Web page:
Since these companies are required to distribute such a high percent of earnings to investors, the yields are significantly higher than you find with more traditional companies; however, the stock prices and dividends can both be quite volatile. Not all mREITs are created equal as the mortgages can be for residential, commercial, healthcare or many other underlying purposes. Both American Capital and Two Harbors focus predominately on residential mortgage investments.
The two REITs above both have yields in excess of 12% and are going ex-dividend in the next few days so you might think they are no-brainer dividend captures, right? As I have said in the past, I do not have a wholesale blessing on this sector because there is still so much uncertainty surrounding real estate and the related political environment. These companies can make for profitable longer-term investments but since this area is not my forte, I cannot recommend them without you doing significant additional research. I am simply reminding investors that these super high yield companies are going ex-dividend this week and to conduct further research. Fortunately for investors and homeowners, the Federal Reserve has taken unprecedented action to provide some certainty and help solidify the mortgage market.
Out of these two mREITs that appeared in this week's screen, I wanted to focus on American Capital Agency Corp. as it is one of the largest mREITs, trades at the low forward P/E, and has the most robust cash flows. American Capital is a mREIT that invests in agency securities for which the principal and interest payments are guaranteed by either a U.S. government agency or a U.S. government-sponsored entity. The company focuses on residential pass-through certificates and collateralized mortgage obligation, both of which relate to pools of residential mortgages. To provide an overly simplified summary of the investment hypothesis, low current interest rates allow these companies to profit from historically low prepayment speeds as well as the ability to borrow cheap money immediately and invest it long-term at higher rates. While investors may be scared to see the word mortgage anywhere in their portfolio, AGNC is one of the higher quality mREITs and entails less risk due to its reliance on government/quasi-government backed securities. Major shareholders include BlackRock, Fidelity, Bank of America, UBS, Morgan Stanley, Barclays, and other large financial institutions indicating that you are in good company.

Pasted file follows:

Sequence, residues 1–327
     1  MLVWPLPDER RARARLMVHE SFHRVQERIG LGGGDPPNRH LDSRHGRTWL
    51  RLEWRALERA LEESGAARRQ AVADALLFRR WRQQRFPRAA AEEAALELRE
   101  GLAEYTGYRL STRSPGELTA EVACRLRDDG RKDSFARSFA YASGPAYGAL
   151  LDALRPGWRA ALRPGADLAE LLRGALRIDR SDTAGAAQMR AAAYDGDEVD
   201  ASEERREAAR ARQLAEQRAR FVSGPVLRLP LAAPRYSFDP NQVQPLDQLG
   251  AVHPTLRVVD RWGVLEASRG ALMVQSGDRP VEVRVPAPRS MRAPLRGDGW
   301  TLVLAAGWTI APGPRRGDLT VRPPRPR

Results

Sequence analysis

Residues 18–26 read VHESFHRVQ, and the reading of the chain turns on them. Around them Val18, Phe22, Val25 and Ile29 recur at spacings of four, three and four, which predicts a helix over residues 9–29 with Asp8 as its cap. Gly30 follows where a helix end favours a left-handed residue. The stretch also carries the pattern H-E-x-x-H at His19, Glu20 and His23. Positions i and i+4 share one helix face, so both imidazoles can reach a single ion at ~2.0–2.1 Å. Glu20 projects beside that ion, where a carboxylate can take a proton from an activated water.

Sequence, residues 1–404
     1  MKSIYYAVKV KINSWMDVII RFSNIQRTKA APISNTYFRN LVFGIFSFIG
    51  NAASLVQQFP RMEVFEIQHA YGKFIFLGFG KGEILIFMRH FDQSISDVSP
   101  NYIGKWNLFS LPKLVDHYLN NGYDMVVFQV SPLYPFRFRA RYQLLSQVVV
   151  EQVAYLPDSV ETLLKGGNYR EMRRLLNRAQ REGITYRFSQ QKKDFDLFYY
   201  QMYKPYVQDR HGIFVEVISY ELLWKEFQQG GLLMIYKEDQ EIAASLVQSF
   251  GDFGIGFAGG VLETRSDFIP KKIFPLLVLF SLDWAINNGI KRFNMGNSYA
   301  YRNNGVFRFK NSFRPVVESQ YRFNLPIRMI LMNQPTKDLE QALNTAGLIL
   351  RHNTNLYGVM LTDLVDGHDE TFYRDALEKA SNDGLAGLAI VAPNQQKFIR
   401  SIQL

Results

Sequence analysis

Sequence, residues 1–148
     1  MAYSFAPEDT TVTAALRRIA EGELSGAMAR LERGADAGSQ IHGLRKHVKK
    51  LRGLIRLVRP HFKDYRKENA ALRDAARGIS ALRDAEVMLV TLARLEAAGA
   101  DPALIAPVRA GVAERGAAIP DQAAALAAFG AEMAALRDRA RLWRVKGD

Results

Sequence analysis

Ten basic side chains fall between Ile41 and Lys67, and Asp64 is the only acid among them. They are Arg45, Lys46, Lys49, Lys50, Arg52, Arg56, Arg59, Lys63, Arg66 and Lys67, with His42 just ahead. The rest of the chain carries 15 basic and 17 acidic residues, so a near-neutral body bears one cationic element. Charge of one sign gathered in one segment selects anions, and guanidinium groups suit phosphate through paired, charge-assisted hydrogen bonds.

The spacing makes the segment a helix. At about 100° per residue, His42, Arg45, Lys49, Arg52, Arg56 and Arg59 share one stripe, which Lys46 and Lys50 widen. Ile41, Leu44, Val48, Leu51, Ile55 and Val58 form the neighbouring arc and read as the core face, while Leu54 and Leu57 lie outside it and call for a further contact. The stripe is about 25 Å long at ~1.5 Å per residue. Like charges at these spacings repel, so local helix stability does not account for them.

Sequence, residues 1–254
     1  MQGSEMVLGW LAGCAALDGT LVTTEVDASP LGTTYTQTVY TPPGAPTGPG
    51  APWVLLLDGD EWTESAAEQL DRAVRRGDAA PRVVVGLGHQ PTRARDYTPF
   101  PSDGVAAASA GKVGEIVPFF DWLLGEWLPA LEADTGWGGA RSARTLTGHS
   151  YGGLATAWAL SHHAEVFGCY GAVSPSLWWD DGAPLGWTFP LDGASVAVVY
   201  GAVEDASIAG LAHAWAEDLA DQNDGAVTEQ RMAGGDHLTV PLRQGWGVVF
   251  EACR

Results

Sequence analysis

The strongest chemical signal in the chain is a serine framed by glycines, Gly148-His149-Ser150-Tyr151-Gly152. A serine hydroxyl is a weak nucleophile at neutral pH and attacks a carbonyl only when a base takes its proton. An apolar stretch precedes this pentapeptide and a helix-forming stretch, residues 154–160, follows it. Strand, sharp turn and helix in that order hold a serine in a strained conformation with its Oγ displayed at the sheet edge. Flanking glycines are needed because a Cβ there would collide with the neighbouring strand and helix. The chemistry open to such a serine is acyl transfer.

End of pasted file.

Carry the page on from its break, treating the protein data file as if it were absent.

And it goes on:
The consensus opinion is that QE3 announced last week will be a strong positive for the mREIT industry as low short-term rates indicate profits for these companies. Barron's published an article summarizing these bullish sentiments and I believe AGNC is the best positioned to capitalize due to its scale. If Bernanke follows through with his pledge to keep rates low through 2015 I believe AGNC can continue to be a winner. Additionally, I highly suggest reading the company's recent 10K as management's comments provide excellent insight into the condition of the overall economy and mortgage market.
Two Harbors offers more diversity over American Capital as it invests in non-agency mREITs as well as "other financial assets". Despite assuming additional risk, American Capital offers a higher yield and has a modestly lower P/E as a bonus. For these reasons, I prefer AGNC over TWO for dividend capture and investment purposes. If Two Harbors offered a higher yield to compensate for the greater assumed risk, I would consider it, but I would stick with the obvious pick here.
The information presented has been summarized below. Yellow and red represent "avoid" and "consider" classifications, respectively.
Disclosure: I am long T. I wrote this article myself, and it expresses my own opinions. I am not receiving compensation for it (other than from Seeking Alpha). I have no business relationship with any company whose stock is mentioned in this article.
Additional disclosure: Additional Disclosure: Author may initiate a long position in AGNC in the next 72 hours.